Youth Bridge is the only clinically and behaviorally focused organization in Northwest Arkansas that deals exclusively with youth and their families. Youth Bridge offers counseling and other support services with children and families in both residential and outpatient environments; offers multi-disciplinary professional teams for better results, and maintains a collaborative approach with other agencies. Youth Bridge does not turn away those who need help because of a payment issue. Youth Bridge encourages the community to join forces and participate through the many opportunities with advocacy, volunteerism and fundraising.

Thanks for all you do, Michael! Cavecloth cares about you!

When the Cave Walls Harden… (the heart)

Originally published March 10, 2013
I wrote this over three years ago. And, periodically, I make myself go back, and re-read. Perspective is powerful stuff, guys. But, seems I’m a tough nut. Often impermeable to perspective. (It’s an affliction. I’m working on it.) At any rate, it’s time again to self-medicate. Join me. 

Holy glacial meltdown, caveman. It’s been quite the week. To liken it to a continental shift would clearly be hyperbolic, but considering this recent chain of events, I’ll take the risk. (Confession: I sorta just wanted to use the word “hyperbolic”. Who knew it actually is NOT an infectious disease? Unless of course, you liken my deplorable writing to an infection… Moving on.)

For those very (very) few of you who may have been paying attention (…unlikely…), I realized I told you that this next post would be coming from the newest, spiffiest, most-recently promoted member of the Cavecloth team, the Caveman himself. However, as we all know… or at least you do now… this little corner of the cave really is all about me. I could sit on my hide, idle, only so long. With all that’s rumbled these cave walls the past few days, I had to get my grubby little hands back on the keyboard and bore you with my introspective drivel. It’s okay. I’ll wait for you to cook up some bacon and return to this post with a strong resolve, and a full stomach, to make it through to the end.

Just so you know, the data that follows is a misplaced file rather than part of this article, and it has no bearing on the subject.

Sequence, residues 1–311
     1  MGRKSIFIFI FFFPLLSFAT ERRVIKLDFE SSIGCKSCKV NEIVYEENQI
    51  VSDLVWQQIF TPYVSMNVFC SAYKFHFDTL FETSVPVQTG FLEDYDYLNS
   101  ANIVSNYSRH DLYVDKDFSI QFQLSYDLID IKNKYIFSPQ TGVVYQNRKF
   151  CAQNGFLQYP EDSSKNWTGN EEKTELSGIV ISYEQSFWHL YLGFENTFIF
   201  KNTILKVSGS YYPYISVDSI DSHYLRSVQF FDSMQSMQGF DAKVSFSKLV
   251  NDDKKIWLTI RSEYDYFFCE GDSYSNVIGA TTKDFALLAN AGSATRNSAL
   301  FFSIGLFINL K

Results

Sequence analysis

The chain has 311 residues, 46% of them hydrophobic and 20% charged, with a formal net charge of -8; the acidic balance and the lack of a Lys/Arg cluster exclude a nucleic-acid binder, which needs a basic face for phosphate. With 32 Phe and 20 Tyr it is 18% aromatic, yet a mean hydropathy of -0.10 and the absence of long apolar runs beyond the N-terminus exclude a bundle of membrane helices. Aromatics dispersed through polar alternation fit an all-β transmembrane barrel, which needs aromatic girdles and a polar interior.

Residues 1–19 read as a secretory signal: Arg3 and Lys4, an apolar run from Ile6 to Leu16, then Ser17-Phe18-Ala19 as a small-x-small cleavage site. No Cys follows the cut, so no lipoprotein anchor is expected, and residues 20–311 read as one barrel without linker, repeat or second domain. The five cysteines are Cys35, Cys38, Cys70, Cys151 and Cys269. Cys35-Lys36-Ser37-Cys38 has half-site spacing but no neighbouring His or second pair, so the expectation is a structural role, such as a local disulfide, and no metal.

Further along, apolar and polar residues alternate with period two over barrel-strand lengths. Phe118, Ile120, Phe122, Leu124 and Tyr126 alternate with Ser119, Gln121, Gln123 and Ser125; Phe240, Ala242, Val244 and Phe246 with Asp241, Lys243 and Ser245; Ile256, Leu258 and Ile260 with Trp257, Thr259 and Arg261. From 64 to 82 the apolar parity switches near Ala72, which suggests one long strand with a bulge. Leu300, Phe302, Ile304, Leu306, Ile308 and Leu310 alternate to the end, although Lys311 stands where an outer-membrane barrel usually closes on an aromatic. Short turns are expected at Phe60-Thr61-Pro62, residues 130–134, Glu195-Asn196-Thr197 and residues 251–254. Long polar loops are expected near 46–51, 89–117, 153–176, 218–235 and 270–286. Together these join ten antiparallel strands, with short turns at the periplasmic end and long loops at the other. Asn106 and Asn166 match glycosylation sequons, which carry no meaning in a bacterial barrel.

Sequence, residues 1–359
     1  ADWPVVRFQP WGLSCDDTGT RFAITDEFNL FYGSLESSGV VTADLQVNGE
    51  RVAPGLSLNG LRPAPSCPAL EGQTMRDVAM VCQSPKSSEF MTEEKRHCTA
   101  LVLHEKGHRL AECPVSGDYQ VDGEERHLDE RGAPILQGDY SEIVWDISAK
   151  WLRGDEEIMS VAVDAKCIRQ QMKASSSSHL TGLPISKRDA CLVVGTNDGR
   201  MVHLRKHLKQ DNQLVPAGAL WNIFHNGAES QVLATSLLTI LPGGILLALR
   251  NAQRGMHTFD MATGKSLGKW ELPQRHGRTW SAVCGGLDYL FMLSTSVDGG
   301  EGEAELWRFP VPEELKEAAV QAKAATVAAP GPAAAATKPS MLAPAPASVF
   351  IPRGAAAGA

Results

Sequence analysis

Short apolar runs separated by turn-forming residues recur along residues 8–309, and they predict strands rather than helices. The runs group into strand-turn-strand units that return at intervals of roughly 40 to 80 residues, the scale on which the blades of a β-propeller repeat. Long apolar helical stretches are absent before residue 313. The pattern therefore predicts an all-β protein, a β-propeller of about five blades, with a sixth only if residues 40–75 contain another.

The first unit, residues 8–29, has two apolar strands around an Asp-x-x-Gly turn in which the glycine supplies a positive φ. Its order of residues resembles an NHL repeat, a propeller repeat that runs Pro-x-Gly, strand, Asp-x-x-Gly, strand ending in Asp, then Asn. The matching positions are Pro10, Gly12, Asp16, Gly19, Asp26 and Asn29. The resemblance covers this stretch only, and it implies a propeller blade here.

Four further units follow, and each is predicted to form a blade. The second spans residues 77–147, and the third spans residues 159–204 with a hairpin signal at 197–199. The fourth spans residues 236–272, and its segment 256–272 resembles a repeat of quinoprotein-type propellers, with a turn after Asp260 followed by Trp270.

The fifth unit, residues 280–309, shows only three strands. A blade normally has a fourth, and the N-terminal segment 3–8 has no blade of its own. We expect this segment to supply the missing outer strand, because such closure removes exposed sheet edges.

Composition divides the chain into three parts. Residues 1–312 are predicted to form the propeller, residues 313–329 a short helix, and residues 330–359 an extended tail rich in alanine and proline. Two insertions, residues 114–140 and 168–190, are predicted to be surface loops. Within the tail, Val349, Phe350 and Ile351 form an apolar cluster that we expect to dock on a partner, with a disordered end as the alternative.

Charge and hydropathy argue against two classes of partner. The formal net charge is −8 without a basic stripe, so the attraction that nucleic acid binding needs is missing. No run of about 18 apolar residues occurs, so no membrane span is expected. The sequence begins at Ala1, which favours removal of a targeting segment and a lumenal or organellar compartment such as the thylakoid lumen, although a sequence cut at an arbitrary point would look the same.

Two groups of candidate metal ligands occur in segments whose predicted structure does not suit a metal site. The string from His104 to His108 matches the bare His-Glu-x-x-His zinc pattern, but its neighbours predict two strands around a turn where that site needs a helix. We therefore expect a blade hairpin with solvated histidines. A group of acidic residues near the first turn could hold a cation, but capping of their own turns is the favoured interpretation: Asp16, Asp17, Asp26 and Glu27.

If you’re not familiar with our intriguing, captivating, film script-worthy background story, you can read all about it here. And until this past Friday, that’s where the story was stuck. We were on a journey. We wanted to invite you along. But, up until this point, we’ve been somewhat noncommittal on exactly where we were going. (Don’t worry. We wont ask you to chip in on the gas we used during all those U-turns and detours.) But, NOW… well, geeze. We’re practically breaking the sound barrier with our progress. (See what I did there? Hyperbole. Hang in there. You’ll get it.)

Enough pointless buildup. Wilson, my brave, grounded, uber-responsible husband, after much contemplation, consultation, prayer and a huge leap of faith, committed to leave what he has known for nearly 15 years. A gifted salesman, and loyal sole-supporter of our family, he willingly submitted his resignation to the insurance industry. Or from my perspective, HOLY POOPBALLS! HE’S FLIPPIN’ HOME, YA’LL!

And, THAT is NOT hyperbole.